On June 1, 2023 the U.S. Supreme Court vacated and remanded two Seventh Circuit decisions involving the False Claims Act (FCA), holding in a unanimous opinion that the FCA’s scienter element turns on a defendant’s subjective belief and intent, not by an after-the-fact analysis of whether the defendant’s actions were “objectively reasonable.”
The two cases at issue, United States et al. ex rel. Schutte et al. v. SuperValu Inc. et al. and United States et al. ex rel. Proctor v. Safeway Inc., alleged that respondents SuperValu and Safeway separately defrauded Medicaid and Medicare by offering discount programs to their customers while knowingly submitting claims for the higher retail prices exceeding the “usual and customary prices” customers paid. Ruling in favor of SuperValu and Safeway, the Seventh Circuit applied an “objectively reasonable” scienter standard, determining that SuperValu and Safeway would be liable for submitting false claims only if their respective interpretation of the FCA’s “usual and customary” language was not “objectively reasonable.”
Authoring the opinion on behalf of the Court, Justice Clarence Thomas acknowledged that the “usual and customary” language “is, on its face, less than perfectly clear.” However, the appropriate standard for the FCA’s scienter element “is straightforward” in referring to a defendant’s knowledge and subjective beliefs. The Court focused on the FCA’s definition of “knowingly,” noting that the FCA’s definition tracks with the three-part test for establishing scienter in common law fraud claims. This three-part test utilizes a subjective intent standard, focusing on a defendant’s “culpable state of mind.” The Court concluded that scienter under the FCA in these cases requires that the respondents “(1) actually knew that their reported prices were not their ‘usual and customary’ prices when they reported those prices, (2) were aware of a substantial risk that their higher, retail prices were not their ‘usual and customary’ prices and intentionally avoided learning whether their reports were accurate, or (3) were aware of such a substantial and unjustifiable risk but submitted the claims anyway.”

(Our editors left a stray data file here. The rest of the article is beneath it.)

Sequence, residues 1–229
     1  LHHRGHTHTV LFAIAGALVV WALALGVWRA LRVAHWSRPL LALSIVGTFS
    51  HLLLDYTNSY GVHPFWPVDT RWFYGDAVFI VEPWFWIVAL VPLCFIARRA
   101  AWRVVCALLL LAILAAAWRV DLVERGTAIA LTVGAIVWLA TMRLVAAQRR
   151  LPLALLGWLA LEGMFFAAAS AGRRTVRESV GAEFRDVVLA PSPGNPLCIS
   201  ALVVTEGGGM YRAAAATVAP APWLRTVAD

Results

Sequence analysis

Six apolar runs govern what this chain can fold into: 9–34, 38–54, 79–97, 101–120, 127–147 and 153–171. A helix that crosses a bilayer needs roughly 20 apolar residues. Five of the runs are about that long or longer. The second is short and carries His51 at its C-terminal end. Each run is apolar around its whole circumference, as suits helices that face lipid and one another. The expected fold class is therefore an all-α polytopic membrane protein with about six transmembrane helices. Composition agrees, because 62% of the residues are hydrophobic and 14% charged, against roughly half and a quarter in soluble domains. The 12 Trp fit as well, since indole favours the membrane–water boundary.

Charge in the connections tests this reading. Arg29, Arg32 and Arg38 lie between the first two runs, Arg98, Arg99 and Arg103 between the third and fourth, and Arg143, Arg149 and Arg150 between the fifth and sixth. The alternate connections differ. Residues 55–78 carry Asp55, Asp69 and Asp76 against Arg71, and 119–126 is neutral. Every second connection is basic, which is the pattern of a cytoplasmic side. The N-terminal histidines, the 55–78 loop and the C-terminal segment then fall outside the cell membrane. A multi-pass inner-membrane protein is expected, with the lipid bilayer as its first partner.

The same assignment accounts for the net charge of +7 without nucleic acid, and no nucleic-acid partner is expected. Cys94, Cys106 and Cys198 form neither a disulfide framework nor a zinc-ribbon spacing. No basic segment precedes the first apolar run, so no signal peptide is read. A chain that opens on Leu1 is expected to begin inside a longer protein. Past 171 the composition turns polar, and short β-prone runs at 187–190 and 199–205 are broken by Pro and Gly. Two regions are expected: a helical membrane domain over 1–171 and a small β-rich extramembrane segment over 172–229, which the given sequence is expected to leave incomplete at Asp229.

The Court’s decision requiring a subjective intent standard for the FCA’s scienter element elevates the importance of a party’s actual knowledge at the time the potentially false claims were submitted. Attempts to justify a party’s prior actions at a later date based on the party’s “objectively reasonable” interpretation of ambiguous statutory language, without taking into consideration a party’s subjective knowledge at the time, will be unsuccessful. As the Court reasoned, “the focus is not, as respondents would have it, on post hoc interpretation that might have rendered their claims accurate. It is instead on what the defendant knew when presenting the claim.” Accordingly, parties should ensure that they create and maintain records documenting their good faith operations. Subjective evidence of a party’s belief in good faith operation at the time of the claim will likely provide a more successful defense to any potential claims of FCA violations.